The Telema Uprising in the Congo: Breath of A New Youth Revolution

2015-08-02-1438478705-5432840-congo_protest.jpeg
Protesters block a street in Kinshasa as they demonstrate against moves to allow President Joseph Kabila to extend his hold on power. AFP/Getty Images.

Congolese youth protested for three days in January 2015 to resist efforts by President Joseph Kabila to remain in power beyond his presidential mandate. According to Congo's constitution, the president can only serve two five-year terms, and Kabila's second term is scheduled to end on December 19, 2016. As his term nears its conclusion, President Kabila and his supporters aim to stay in power by any means necessary. The Catholic Church, more than 600 Congolese civil society organizations, the political opposition, and notable figures in the country, including members of president Kabila's majority coalition -- as well as voices in France, Belgium and the United States -- have all pushed back against proposals for changing the constitution so Kabila can remain in power.

The youth uprising in January was triggered by Kabila's second attempt to remain in power beyond his mandate through rewriting and perverting the electoral law. Kabila's majority in the parliament tried to push through a new law that would require a census as a prerequisite for holding elections. Many experts claim that conducting a census in a country that has not had one since 1984, especially given the lack of infrastructure in the Democratic Republic of the Congo (DRC), would take about four years, pushing the elections to 2018 or beyond.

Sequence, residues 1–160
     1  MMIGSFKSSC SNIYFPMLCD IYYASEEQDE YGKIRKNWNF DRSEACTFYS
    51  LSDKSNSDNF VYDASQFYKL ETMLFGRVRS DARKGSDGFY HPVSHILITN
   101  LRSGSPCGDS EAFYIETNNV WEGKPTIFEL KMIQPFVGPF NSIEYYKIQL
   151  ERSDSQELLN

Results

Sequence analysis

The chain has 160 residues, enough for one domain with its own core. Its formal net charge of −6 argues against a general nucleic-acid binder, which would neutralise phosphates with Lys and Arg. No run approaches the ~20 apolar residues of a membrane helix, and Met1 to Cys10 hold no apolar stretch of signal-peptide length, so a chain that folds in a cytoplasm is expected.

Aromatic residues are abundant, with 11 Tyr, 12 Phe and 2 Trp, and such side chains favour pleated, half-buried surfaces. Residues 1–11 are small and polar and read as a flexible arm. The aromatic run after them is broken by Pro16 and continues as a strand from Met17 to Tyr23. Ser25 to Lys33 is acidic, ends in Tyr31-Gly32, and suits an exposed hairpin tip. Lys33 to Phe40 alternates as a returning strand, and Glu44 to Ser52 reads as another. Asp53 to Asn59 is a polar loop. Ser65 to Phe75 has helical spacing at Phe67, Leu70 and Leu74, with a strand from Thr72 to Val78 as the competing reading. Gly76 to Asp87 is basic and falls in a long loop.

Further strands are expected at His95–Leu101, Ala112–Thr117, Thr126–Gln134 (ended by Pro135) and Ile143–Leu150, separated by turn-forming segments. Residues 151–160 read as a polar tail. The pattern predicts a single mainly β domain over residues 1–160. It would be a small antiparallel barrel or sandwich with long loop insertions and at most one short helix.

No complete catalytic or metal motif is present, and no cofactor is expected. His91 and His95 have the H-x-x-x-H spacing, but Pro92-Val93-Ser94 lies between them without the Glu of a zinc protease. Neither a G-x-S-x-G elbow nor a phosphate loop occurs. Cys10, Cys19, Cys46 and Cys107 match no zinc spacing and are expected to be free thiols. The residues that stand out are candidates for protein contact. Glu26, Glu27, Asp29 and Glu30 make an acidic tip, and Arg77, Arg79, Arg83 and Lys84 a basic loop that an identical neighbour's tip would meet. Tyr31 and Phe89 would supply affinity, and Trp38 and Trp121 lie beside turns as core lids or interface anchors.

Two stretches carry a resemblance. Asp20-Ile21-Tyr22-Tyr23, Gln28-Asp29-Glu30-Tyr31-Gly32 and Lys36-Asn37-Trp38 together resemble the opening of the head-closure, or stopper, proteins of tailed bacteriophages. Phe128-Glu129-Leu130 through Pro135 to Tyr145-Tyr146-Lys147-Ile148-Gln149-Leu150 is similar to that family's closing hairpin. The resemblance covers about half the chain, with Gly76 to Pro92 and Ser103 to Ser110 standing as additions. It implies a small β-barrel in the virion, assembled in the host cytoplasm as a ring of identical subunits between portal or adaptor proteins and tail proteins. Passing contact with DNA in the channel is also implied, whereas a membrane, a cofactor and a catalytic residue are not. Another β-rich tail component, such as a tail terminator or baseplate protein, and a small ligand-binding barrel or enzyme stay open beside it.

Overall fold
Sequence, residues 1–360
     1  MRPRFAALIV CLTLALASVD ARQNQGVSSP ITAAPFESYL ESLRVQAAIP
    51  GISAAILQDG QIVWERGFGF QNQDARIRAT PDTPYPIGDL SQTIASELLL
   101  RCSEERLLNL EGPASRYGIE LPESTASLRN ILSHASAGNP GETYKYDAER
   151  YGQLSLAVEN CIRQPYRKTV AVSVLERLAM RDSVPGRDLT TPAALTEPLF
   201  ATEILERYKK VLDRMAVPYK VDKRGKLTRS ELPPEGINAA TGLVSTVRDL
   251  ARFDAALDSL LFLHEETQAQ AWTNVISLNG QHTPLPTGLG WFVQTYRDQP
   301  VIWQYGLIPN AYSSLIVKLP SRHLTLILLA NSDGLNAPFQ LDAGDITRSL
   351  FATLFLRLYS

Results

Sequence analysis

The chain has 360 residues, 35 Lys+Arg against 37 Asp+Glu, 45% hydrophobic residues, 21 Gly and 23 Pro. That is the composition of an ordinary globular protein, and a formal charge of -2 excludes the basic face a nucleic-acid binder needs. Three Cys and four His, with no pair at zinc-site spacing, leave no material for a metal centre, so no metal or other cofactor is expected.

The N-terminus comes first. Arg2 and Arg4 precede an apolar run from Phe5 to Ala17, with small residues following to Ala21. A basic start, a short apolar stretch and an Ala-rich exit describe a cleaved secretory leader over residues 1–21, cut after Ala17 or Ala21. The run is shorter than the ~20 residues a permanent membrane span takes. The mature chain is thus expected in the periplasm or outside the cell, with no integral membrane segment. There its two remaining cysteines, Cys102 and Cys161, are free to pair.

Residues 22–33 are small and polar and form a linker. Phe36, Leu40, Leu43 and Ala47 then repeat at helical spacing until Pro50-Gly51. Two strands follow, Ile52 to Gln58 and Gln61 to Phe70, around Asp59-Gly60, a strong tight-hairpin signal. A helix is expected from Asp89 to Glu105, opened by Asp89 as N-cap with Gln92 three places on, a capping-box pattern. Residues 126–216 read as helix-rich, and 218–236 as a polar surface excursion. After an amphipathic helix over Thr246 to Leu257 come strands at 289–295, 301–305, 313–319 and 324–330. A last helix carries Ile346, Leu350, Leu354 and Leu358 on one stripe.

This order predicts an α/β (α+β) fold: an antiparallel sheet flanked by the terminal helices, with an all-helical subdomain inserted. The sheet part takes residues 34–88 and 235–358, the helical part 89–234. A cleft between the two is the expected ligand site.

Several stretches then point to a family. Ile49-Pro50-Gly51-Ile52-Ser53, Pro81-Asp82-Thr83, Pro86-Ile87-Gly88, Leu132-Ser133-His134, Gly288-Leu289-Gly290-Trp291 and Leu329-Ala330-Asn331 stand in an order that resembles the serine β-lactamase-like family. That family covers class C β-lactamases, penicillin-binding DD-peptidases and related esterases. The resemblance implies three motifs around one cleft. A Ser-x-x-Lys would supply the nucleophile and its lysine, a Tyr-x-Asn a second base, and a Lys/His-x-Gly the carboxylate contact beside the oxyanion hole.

The January uprisings represented the youth response to president Kabila's effort to remain in power through the perversion of Congolese laws. It was the latest in a series of actions initiated over the past year whereby youth have leveraged social media networks to organize, share pictures of protests, and provide updates on the unfolding political situation.

Congolese in other parts of the country and the global diaspora quickly joined in support of the Kinshasa youth and established the hashtag #Telema (a Lingala word meaning "rise up"). In addition to showing support on social media, youth in other parts of the country went into the streets and joined others in calling on the Congolese parliament to withdraw the electoral law.

The youth were so effective at sharing information with people inside and outside of the country that the government shut down the nation's Internet and SMS system within 24 hours of the uprising.

Although the uprising was successful, the youth paid a dear price. According to the Federation for Human Rights, 42 people lost their lives, mainly at the hands of government security forces who opened fire with live bullets into crowds of young people. Students reported that security forces snatched up the dead youth in an attempt to reduce the body count. Human Rights watch documented these events in its report "DR Congo: Deadly Crackdown on Protests."